Montrose Bankruptcy Attorney
Get a Bankruptcy Lawyer Near Me
When you are facing constant creditor harassment, filing for bankruptcy in Montrose Virginia could be your best option. With so many changes to US bankruptcy Code since the big change in 2005. Trying to go it alone can become confusing and quite overwhelming at best. When considering filing for bankruptcy in Hanover County Virginia you will need the services of an experienced Montrose County Bankruptcy Attorney.
At Fisher-Sandler, LLC – Richmond, VA we specialize in everything bankruptcy. Whether you need to file a Chapter 7 bankruptcy, Chapter 11 bankruptcy (for individuals) or Chapter 13 bankruptcy, the Montrose bankruptcy lawyers at Fisher-Sandler, LLC have the experience to get your bankruptcy petition filed quickly. When you come in for your FREE consultation we will go over all your options and help you to decide if filing for bankruptcy is the best path for you to take.
Nathan Fisher, Michael Sandler, and Sharon Choi Stuart have a combined 60 years of bankruptcy law experience. We have helped thousands of Montrose and Henrico County residents and small business owners successfully file for bankruptcy protection under the Bankruptcy Code since 1999. If you are currently facing wage garnishment, foreclosure, eviction, utility bill cut-offs, car repossession, truck repossession, creditor lawsuits, judgments, IRS tax levy, frozen bank account/accounts, etc we can help stop your financial nightmare today. Call our Montrose Bankruptcy Law Office of Fisher-Sandler now at (804) 664-3643 to schedule your FREE consultation.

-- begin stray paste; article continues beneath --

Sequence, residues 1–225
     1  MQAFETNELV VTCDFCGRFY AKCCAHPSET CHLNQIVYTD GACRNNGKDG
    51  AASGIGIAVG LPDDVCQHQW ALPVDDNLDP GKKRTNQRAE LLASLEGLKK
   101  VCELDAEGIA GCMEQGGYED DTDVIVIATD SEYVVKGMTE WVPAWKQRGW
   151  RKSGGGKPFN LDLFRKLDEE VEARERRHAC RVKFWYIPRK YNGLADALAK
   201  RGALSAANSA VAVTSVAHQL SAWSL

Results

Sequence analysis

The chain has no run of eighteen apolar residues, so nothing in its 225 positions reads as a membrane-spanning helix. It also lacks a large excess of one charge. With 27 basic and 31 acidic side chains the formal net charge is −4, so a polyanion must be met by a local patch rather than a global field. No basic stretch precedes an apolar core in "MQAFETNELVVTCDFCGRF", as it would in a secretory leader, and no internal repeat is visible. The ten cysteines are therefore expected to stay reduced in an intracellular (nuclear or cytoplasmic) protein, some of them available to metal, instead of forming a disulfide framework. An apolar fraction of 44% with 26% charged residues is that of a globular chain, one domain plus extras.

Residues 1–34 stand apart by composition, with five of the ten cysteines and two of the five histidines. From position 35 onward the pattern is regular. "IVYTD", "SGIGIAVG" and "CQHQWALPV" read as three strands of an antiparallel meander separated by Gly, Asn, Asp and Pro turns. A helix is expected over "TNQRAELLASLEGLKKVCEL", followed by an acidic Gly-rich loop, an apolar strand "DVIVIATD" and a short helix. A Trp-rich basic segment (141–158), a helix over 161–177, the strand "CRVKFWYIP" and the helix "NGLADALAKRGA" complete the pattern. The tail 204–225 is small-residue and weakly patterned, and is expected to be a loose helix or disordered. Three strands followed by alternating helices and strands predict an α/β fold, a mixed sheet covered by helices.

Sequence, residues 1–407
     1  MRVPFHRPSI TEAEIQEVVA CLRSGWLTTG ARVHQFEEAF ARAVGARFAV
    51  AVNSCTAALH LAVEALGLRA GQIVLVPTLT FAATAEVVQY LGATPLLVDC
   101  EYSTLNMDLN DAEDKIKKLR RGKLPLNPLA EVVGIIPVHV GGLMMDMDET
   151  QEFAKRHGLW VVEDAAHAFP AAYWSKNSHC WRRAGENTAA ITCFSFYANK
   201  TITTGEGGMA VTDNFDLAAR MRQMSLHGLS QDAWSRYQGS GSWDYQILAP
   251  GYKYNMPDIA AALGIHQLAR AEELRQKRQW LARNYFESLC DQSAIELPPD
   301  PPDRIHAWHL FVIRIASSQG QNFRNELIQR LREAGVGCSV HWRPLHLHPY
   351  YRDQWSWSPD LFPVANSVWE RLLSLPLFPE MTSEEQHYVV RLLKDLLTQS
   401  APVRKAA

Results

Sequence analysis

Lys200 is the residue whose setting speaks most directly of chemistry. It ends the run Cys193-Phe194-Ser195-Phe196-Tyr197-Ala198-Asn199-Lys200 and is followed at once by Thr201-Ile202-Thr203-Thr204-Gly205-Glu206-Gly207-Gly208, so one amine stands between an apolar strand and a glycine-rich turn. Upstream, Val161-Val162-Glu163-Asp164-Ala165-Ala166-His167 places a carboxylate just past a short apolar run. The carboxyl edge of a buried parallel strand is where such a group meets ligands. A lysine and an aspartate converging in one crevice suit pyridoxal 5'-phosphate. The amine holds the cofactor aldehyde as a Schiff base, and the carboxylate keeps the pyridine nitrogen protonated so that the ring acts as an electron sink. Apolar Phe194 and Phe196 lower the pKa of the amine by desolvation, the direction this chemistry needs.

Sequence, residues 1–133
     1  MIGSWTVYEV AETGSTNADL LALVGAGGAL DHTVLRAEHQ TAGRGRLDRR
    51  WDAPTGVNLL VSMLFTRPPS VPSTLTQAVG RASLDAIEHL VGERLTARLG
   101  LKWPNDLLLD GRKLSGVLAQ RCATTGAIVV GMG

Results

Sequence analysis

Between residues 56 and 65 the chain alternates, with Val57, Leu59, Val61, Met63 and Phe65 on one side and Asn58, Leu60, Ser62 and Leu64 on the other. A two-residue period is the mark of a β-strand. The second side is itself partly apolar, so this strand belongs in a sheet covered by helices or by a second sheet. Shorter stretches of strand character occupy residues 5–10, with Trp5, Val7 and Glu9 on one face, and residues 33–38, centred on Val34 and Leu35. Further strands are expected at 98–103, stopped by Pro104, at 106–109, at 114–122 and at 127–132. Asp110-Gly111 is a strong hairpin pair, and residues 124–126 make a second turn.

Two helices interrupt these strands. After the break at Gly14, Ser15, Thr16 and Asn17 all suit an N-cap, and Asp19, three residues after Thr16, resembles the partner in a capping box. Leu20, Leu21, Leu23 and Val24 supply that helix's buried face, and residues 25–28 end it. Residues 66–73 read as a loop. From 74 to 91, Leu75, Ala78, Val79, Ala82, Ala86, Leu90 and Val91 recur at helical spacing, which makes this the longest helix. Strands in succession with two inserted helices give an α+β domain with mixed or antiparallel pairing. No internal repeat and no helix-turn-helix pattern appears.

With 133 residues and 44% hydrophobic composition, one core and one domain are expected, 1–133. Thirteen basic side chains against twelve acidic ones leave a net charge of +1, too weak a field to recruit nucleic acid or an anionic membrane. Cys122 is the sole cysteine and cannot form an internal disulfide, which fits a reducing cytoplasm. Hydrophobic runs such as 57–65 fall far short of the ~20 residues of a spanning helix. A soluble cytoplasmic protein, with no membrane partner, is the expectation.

Bankruptcy Services in Montrose Virginia
– Foreclosure Defense
– Student Loan Modification
– Property Exemptions
– Tax Forgiveness
– Auto Repossessions
– Stop Creditor Harassment
Montrose Chapter 7 Bankruptcy Attorney
Chapter 7 bankruptcy is the type of bankruptcy most people think of when they hear the word “bankruptcy.” It is also referred to as “liquidation bankruptcy” or “straight bankruptcy.” It is the most common form of bankruptcy in the United States. In this type of case, the bankruptcy trustee collects all of your non-exempt assets (described below), sells them, and then distributes the cash to your creditors as provided by law. The result of a successful bankruptcy proceeding is the receipt of a bankruptcy discharge order. A discharge order is an order issued by the bankruptcy court which nullifies one’s pre-bankruptcy contractual obligations to pay creditors. In other words, one’s debts are discharged and one is relieved, by operation of the bankruptcy code, of having to repay them. Typically, one does not lose property because there are sufficient bankruptcy exemption laws allowing one to protect one’s property from creditors. One can usually retain one’s house mortgage and car loan as long as one is current with the payments on those obligations.